The body that appoints QCs has commissioned research to uncover barriers which deter women from applying, after they made up 27.6% of the latest batch of silks – but this was the highest proportion ever.
In all, 113 of the 254 advocates who applied were successful, a success rate of 44.5%. They included six of 13 solicitor applicants.
The research prompts the question of why it was not done earlier, given that the actual number of women applying for appointment in 2017 (56) was only 15 more than in 1997.
However, they have become much more successful in doing so – just five were appointed in 1997, and 31 this year, 55% of the total.
Both men and women have become much more likely to succeed since the independent QC Appointments body was put in place in 2006 after a three-year hiatus in competitions. Back in 1997, only 63 of the 459 male applicants won through, just 13.7%.
While the number of women applying has drifted upwards over the past 20 years, the number of men has more than halved – 198 put themselves forward for this year.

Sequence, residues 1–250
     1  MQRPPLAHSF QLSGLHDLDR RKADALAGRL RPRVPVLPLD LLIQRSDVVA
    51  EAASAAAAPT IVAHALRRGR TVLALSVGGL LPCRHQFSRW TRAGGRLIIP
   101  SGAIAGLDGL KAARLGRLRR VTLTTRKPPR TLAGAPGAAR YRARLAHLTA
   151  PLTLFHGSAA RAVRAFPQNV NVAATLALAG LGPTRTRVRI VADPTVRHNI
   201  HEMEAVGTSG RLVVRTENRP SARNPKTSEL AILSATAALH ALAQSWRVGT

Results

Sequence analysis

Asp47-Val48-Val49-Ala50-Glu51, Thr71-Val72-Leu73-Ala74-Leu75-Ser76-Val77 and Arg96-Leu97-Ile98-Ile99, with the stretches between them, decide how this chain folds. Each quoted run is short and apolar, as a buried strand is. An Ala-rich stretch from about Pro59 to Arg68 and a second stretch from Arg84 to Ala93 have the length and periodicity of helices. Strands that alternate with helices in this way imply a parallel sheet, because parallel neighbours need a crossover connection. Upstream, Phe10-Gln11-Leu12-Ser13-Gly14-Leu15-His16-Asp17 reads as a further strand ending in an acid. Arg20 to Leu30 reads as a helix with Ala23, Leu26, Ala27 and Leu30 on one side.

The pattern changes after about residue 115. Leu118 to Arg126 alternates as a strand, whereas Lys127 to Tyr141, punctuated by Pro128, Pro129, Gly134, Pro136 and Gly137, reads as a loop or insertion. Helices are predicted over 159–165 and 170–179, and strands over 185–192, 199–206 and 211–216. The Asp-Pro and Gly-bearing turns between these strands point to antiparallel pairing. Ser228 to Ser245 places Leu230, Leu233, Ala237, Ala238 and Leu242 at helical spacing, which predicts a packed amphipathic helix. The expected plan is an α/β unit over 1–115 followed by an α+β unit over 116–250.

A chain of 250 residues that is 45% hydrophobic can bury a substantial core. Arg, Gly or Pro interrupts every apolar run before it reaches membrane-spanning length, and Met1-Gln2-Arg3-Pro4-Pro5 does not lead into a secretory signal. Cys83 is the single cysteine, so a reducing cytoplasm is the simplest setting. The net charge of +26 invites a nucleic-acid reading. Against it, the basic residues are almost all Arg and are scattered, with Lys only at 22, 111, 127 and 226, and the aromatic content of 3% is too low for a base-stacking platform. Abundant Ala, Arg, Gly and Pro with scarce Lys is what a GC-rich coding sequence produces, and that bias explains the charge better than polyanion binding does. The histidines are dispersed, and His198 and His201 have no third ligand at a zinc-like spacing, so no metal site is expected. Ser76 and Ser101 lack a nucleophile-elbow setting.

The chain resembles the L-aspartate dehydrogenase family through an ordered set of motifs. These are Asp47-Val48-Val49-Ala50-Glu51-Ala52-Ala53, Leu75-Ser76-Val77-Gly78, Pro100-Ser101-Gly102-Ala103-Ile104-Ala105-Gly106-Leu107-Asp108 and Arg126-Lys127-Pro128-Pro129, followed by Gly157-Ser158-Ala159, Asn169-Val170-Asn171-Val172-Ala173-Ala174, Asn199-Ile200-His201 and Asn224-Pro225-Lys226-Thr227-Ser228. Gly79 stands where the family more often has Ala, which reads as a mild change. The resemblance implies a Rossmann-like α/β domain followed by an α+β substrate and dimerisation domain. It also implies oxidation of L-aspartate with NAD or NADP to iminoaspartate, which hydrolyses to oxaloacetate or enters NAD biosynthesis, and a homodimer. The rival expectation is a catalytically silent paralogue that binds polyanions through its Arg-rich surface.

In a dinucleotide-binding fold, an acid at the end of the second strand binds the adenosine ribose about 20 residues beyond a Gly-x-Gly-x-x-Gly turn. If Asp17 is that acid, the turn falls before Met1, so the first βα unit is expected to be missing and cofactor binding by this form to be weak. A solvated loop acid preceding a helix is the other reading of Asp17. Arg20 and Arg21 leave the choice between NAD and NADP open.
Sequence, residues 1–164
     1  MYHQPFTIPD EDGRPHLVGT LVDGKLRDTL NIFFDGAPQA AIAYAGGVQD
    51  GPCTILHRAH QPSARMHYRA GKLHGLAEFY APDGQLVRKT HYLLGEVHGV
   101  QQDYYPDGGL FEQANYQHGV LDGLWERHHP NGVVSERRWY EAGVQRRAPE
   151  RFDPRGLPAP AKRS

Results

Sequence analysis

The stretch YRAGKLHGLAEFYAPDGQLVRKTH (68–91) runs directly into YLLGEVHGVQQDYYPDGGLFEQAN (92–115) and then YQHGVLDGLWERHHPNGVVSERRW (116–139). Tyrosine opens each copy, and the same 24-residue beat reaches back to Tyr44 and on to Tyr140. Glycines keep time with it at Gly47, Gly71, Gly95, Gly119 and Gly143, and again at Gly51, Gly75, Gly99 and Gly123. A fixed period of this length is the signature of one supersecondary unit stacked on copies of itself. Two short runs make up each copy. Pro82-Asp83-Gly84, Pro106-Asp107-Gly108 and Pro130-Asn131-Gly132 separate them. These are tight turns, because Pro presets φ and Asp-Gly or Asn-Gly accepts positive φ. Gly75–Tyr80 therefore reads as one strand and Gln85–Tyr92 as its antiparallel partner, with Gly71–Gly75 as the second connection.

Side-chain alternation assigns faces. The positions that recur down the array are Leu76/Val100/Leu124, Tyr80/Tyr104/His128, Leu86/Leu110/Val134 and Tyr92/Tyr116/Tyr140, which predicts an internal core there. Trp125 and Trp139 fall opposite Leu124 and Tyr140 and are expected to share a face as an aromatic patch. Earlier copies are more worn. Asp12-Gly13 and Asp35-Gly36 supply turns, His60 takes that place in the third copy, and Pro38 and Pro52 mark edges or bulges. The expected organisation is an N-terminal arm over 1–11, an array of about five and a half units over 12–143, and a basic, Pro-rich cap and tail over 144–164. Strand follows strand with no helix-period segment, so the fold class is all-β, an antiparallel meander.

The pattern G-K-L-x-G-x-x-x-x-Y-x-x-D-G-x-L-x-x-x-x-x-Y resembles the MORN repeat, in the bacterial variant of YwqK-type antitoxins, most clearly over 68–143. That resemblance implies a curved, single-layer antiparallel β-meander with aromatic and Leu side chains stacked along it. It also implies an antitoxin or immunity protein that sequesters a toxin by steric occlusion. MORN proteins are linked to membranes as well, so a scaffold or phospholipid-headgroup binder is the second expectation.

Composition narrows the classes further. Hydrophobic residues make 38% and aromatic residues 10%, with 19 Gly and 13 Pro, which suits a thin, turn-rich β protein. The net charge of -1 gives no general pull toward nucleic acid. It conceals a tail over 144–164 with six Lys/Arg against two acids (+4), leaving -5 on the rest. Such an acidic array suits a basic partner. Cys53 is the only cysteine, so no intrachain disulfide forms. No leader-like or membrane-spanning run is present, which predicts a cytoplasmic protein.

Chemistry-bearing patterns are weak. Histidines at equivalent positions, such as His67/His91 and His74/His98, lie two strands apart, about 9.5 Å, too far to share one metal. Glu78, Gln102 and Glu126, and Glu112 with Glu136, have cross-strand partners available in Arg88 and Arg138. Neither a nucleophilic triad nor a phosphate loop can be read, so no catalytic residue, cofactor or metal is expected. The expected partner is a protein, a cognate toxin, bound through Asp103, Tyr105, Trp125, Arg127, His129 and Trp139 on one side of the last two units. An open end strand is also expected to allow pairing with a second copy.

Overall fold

The demographics are obviously important context. A third of self-employed barristers are women, as are 13% of QCs and 15% of heads of chambers. The proportion of women consistently falls as seniority (by year of call) increases.
Helen Pitcher, the outgoing chair of the selection panel, said: “We are pleased that the number of women applying and being successful continues to rise, and that the proportion of women amongst those appointed is at its highest level ever.
“However, we would still like to see more women apply. We have commissioned research to see whether there are barriers which may deter well-qualified women from applying. QCA expect to publish that research later this year.
“I was also pleased to note a slight rise in BAME applicants to 15% of applications and that the success rate for BAME applicants was in line with that for other applicants. As a result, the proportion of applicants from BAME backgrounds amongst those appointed was also at the highest level ever.”
Around 13% of self-employed barristers who declare an ethnicity have a BAME background, but only 7% of QCs do. This year there were 37 BAME applicants for silk and 16 of them won through.
Lord Chancellor Liz Truss said: “I want us to tap into all the talents of our society and today’s appointments are a step in the right direction. The number of women and BAME candidates applying and being successful is moving in the right direction.
“There is more to be done, but my message is clear – when you widen the pool of talent from which lawyers and judges are drawn, you make the justice system stronger.”